Earlier this month, I caught two brief Warpaint sets at South by Southwest. The first was at the intimate Spotify house, while the second was an abbreviated three-song outing during Spin’s daytime showcase at Stubb’s BBQ. Both performances were gummed up by a pedantic SXSW schedule that leaves but a few short moments to troubleshoot sound issues and solve delays. So it was a relief to catch an extended performance that existed on Warpaint’s own timetable. After all, the Los Angeles based all female group’s sound is richest when it steeps and blooms at a deliberate pace. And this is especially true of the songs off their recent self-titled release, live renditions of “Intro” and “Hi” included.
Like The xx or even Massive Attack before them, Warpaint plunged headfirst into a gulf of ambient experimentation, replete with a synthesized ebb and flow, and melodic jaunts through otherworldly landscapes. Theresa Wayman and Emily Kokal’s mischievous vocals roared with remorse and purpose – like on lead single crowd pleaser “Love is to Die” – while also piquing a sense that there was real danger just beyond the horizon. This was most apparent during the bubbling mob energy that forced its way into “Disco//very”. Kokal wailed and lamented: “I make room for everyone/ I need to take a break!”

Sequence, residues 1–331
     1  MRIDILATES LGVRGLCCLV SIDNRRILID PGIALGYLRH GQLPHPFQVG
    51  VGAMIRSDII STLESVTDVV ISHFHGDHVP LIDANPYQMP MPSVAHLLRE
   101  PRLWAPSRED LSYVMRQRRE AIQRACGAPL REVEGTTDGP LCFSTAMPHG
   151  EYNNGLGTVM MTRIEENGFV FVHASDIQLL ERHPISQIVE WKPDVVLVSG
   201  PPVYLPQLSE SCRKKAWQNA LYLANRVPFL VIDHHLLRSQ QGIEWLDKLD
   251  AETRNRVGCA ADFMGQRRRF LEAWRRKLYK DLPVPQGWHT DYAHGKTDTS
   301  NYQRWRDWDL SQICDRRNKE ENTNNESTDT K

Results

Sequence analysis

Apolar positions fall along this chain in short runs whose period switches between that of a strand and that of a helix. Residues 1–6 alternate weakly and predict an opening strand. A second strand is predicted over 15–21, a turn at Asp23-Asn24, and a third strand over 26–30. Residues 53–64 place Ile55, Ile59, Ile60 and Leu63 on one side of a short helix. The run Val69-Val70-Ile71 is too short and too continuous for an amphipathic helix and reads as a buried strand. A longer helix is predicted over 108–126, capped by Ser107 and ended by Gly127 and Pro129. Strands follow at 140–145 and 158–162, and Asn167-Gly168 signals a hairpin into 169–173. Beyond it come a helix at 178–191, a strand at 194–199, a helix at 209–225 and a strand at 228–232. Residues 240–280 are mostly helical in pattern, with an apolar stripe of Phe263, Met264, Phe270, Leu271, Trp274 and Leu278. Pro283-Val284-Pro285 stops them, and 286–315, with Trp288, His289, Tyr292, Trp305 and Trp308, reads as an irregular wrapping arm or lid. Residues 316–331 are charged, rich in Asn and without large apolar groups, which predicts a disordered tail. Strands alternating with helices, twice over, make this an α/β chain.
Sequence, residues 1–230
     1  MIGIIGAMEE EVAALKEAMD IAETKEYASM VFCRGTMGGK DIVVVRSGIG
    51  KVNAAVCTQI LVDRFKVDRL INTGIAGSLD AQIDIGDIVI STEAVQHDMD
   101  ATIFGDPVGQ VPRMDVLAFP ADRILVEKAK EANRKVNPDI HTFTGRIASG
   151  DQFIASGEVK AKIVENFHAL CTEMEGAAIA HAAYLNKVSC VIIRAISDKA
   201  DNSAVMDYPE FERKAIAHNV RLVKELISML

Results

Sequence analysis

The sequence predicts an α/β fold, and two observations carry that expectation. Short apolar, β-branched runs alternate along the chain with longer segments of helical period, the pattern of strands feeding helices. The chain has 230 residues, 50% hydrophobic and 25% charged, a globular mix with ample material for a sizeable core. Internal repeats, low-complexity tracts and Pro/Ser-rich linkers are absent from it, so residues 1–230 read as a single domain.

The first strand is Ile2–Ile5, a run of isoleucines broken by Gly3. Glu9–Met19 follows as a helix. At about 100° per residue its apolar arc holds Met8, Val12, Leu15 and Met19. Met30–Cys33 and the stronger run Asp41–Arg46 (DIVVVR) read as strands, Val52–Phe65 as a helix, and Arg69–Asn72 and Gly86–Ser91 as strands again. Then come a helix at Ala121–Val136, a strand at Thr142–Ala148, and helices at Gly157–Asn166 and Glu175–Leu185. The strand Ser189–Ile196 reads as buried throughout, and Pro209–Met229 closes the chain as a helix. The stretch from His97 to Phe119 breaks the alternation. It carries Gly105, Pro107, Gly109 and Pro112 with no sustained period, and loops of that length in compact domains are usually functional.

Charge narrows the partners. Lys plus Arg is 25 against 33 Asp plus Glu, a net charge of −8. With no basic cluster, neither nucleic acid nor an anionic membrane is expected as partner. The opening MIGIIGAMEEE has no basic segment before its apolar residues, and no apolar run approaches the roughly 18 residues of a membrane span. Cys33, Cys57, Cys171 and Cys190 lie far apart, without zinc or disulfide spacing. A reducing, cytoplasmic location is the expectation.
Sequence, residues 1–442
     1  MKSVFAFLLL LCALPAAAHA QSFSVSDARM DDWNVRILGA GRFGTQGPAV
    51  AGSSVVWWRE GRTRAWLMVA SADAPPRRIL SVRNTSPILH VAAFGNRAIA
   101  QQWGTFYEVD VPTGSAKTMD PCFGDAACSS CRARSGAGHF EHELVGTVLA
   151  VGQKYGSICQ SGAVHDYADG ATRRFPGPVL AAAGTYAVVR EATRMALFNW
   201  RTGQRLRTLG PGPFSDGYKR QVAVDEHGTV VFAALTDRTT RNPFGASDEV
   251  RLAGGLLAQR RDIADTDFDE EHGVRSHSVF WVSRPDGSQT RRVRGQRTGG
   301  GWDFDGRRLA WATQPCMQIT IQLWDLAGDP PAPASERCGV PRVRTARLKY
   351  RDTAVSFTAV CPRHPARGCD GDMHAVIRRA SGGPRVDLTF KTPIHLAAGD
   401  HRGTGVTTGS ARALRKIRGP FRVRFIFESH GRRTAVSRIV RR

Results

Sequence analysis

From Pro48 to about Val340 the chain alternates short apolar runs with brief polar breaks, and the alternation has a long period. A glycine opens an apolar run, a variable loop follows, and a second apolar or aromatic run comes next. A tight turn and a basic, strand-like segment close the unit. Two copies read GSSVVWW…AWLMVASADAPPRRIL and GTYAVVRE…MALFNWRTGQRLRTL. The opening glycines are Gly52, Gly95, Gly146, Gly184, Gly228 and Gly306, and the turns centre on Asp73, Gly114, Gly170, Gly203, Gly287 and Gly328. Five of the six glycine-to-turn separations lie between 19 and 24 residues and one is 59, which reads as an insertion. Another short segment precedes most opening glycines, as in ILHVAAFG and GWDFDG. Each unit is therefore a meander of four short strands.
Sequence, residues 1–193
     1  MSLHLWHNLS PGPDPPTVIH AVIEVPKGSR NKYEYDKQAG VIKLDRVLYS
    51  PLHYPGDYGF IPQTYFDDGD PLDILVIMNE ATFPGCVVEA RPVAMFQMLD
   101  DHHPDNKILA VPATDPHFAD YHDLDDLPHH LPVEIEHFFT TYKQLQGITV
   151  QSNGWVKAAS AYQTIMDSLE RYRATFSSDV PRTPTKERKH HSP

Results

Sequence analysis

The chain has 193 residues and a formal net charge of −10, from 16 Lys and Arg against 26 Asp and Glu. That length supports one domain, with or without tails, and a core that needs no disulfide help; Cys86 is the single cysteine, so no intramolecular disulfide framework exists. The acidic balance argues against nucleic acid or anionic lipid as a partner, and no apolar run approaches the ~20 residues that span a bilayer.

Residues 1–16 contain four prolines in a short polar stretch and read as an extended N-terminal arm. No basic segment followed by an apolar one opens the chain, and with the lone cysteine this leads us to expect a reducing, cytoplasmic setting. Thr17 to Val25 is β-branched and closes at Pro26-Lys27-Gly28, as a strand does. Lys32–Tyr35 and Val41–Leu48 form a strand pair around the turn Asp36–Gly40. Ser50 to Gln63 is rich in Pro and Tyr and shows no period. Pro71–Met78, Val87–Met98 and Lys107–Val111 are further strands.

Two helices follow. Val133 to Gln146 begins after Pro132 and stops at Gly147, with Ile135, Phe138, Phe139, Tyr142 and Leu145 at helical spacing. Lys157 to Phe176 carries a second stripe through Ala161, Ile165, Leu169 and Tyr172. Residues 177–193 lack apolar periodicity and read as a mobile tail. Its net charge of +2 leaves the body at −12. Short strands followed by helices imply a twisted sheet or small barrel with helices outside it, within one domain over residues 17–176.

Jenny Lee Lindberg’s lockstep bass lines were hypnotic, possessing an eerie tranquility that could burst at any moment, like Kim Deal chewing nitroglycerin. Stella Mozgawa’s drum work also built a delicate tension that wove hip-hop beats with electronic snares and hi-hats. The sound was almost inscrutable but in a ghostly and mesmerizing fashion. It’s cool music that holds a center stage spot just as easily as it functions in the background. So much so that several CoS writers have placed bets as to how soon foodies will hear Warpaint drip through the speakers of their favorite Michelin Guide-rated restaurants: braised agedashi tofu topped with fiddlehead fern and blackberry truffles in front of you while the ethereal keys of “Biggy” dance in the air.
2014 has delivered a swell of support for the quartet, though the group has been at this for years. It was great to take in Warpaint’s new sound. But it was also a reward for loyal followers to hear several cuts from 2010’s The Fool, as well as encore closer “Elephants” off their John Frusciante-produced debut EP, Exquisite Corpse.
The band continues its US jaunt with opening spots for Queens of the Stone Age, The National, and Nick Cave respectively. They will also be on the festival circuit, hitting Coachella, Primavera, and Bonnaroo before jetting overseas for several European appearances.
Keep It Healthy
Love Is to Die
No Way Out